The southern plains comprise over 50 percent of the country’s population and if this bill is passed, the plains will have a majority representation in parliament after the next general elections.
However, the Madhesi leaders have opposed the move saying that were not consulted before the tabling of the bill. The agitating Madhesi parties have refused to accept the constitution amendment bill, claiming that it failed to address their concerns.
The government feels that the constitution amendment bill will address some grievances of the agitating Madhesi leading to an end to the ongoing demonstrations at Nepal-India border entry points.
Due to the ongoing agitation, thousands of Nepal-bound cargo vehicles have not been able to enter Nepal from India since the last four months. As a result, Nepal is facing a serious shortage of essential supplies like food, medicines, fuel and other items. (IANS)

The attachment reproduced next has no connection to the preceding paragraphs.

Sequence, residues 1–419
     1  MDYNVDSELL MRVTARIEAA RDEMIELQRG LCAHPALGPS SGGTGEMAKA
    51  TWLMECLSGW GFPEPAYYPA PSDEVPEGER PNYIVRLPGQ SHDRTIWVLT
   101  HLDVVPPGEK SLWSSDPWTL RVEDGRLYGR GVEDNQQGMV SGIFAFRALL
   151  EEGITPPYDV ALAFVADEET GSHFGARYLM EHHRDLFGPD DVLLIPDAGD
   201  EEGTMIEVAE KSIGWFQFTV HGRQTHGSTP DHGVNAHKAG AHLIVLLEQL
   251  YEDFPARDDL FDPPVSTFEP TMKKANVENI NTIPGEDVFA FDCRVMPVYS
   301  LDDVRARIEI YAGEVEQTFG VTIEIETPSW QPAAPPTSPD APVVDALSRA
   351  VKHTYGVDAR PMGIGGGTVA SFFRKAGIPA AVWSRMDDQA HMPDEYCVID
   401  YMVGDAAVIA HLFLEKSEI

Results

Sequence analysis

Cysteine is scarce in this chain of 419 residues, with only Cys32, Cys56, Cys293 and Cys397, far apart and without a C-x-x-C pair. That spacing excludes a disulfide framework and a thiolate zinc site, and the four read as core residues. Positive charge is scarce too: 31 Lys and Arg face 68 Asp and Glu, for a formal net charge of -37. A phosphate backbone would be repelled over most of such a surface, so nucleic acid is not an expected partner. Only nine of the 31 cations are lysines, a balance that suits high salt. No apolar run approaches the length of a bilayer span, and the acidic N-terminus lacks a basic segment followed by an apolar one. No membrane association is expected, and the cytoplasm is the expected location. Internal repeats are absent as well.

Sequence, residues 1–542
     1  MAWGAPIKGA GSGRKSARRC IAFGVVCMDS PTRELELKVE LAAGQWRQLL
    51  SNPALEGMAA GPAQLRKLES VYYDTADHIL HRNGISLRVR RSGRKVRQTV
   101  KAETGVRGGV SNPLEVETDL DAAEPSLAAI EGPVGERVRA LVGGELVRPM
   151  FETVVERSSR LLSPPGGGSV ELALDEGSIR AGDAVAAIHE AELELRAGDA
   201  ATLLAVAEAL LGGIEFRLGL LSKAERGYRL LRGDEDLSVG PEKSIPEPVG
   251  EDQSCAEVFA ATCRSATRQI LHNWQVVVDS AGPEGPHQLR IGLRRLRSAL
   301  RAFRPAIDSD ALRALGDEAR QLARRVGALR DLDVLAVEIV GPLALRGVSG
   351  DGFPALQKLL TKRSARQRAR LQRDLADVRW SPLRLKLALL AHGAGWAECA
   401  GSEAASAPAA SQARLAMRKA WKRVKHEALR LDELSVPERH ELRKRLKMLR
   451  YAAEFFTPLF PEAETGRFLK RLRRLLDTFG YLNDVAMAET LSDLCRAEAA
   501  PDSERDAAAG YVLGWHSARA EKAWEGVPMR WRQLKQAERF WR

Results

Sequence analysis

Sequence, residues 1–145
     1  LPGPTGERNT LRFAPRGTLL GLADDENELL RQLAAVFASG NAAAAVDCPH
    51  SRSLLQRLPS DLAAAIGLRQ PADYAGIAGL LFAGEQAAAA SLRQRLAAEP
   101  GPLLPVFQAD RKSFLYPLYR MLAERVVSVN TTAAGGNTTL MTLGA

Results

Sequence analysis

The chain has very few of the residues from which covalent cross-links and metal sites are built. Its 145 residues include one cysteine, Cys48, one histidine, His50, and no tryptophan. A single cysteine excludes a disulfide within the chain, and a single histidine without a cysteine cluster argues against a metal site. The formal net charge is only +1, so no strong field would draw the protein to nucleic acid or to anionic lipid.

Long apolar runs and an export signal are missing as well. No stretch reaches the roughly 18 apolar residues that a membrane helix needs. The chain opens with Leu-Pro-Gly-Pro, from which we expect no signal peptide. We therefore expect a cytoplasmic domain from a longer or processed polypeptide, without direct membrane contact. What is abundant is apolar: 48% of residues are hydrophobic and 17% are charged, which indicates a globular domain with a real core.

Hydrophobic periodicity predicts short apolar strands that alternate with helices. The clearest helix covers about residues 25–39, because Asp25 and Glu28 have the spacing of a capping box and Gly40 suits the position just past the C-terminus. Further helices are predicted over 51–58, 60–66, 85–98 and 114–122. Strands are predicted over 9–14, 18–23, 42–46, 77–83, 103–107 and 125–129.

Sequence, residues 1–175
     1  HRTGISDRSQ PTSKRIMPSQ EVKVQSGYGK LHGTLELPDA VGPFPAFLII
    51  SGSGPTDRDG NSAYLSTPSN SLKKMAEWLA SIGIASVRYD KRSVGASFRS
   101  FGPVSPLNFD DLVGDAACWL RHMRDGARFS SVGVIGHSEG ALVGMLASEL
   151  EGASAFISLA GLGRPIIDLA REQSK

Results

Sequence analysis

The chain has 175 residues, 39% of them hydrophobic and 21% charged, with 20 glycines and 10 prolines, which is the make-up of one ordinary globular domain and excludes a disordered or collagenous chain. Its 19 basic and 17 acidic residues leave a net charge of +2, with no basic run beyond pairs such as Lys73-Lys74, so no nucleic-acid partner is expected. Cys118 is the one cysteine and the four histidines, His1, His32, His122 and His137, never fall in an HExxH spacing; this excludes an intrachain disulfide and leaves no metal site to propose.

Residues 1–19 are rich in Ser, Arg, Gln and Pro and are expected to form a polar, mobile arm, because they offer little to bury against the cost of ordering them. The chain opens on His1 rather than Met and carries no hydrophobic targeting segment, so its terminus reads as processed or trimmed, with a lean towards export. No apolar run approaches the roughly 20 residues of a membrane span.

As the world adjusts to a post-pandemic reality dominated by technology, public concerns about the dangers of over-consumption are gathering pace. According to a major new survey from Saudi-based cultural institute, Ithra, over one in two (56 per cent) South Asians are worried about the impact of Internet and smartphone use on their health.
According to Ithra's survey, the overwhelming majority (88 per cent) of respondents worldwide agree that technology can be a great force for progress, with the key benefits including access to news, connectivity and freedom. 74 per cent South Asians say technology plays an even more pivotal role as it helps create and generate professional opportunities. The study in partnership with ASDA'A demonstrates tangible wellbeing concerns. Many of these benefits were brought to the fore by the COVID-19 outbreak, with 64 per cent global audiences crediting technology with having helped combat the pandemic. The outcome, however, is that almost everyone (91 per cent) are spending more time online as a result.